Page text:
Mark Schelbergen is a final year PhD researcher working at the Faculty of Aerospace Engineering at Delft University of Technology. His research focuses on airborne wind energy which is one of the fastest-growing renewable energy technologies.
Wind energy converters generate electricity from kinetic energy in the wind. The most common concept is the tower-based horizontal axis wind turbine, however, other types of converters exist.
Mark’s interest in wind energy piqued during this Master’s degree when he studied the structural optimization of multi-megawatt offshore vertical axis wind turbine rotors.
Now, Mark’s doctoral studies aim to advance the wind energy sector one step further by developing innovative and cost-effective alternatives to conventional wind turbines.
In collaboration with leading start-up and TU Delft spin-off company, Kitepower B.V., Mark investigates energy production characteristics of pumping kite power systems.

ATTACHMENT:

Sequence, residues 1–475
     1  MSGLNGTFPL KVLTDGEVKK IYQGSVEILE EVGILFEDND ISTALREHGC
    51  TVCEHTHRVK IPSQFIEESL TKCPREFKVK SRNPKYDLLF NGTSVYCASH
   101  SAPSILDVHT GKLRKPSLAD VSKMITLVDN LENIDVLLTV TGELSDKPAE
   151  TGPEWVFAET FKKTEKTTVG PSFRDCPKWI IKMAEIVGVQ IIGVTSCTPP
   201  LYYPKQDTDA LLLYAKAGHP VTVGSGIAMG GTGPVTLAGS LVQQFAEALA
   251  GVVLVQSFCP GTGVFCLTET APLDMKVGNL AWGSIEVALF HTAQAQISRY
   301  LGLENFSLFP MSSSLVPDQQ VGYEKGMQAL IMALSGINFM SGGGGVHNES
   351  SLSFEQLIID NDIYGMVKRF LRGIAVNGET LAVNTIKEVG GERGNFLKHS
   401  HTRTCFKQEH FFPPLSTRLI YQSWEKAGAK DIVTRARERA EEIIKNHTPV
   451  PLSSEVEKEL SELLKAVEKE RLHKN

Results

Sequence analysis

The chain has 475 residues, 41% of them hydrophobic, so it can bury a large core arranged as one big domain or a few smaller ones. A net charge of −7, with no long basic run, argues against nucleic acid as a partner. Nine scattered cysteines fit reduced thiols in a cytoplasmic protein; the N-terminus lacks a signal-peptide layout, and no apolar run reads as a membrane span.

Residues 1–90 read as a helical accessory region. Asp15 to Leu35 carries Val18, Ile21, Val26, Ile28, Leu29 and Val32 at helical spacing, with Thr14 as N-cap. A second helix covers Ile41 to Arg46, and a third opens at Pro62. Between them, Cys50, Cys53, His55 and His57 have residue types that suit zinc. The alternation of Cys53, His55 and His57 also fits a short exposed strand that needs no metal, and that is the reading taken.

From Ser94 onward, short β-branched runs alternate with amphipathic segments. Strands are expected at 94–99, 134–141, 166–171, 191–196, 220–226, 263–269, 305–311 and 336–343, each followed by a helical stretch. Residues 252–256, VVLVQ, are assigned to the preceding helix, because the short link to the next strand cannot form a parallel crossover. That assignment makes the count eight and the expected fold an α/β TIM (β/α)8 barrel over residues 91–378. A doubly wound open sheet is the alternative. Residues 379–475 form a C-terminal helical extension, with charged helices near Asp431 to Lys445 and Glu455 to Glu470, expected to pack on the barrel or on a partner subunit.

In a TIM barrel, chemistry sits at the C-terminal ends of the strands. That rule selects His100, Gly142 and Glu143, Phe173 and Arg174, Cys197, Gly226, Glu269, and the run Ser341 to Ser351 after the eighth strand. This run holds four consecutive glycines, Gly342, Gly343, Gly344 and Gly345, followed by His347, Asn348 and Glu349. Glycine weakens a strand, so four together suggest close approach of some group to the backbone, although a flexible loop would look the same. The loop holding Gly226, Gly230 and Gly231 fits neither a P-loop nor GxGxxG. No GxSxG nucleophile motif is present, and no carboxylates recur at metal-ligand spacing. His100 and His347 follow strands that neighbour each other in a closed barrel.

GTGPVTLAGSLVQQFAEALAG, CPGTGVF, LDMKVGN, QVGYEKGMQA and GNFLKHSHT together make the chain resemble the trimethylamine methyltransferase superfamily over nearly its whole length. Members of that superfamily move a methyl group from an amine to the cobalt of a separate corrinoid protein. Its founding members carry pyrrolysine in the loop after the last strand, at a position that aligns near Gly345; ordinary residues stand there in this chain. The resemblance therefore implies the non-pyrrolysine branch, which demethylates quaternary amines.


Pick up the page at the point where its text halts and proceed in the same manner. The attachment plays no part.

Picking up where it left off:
“Airborne wind energy systems use flying devices to extract energy from the wind,” says Mark. “The Kitepower system is a large kite attached to a generator on the ground by a cable. The cable unwinds due to the pulling force generated by the kite that’s flying cross-wind.”
Mark explains the benefits of the pumping kite power system over horizontal axis wind turbines.
“Airborne wind energy systems use up to 90% less material than a conventional wind turbine which significantly reduces the manufacturing costs. Moreover, they’re mobile and easy to deploy at remote locations.”
He adds that airborne wind energy systems offer a lot of flexibility. “Kites can be operated at heights above conventional wind turbines. This enables the harness of stronger and more persistent winds, and potentially increases power output.”
As kite power is relatively new to the wind energy sector, Mark and his colleagues within the Airborne Wind Energy (AWE) research group compare the performance of this novel technology with conventional wind turbines to assess its suitability as a sustainable green energy solution for the future.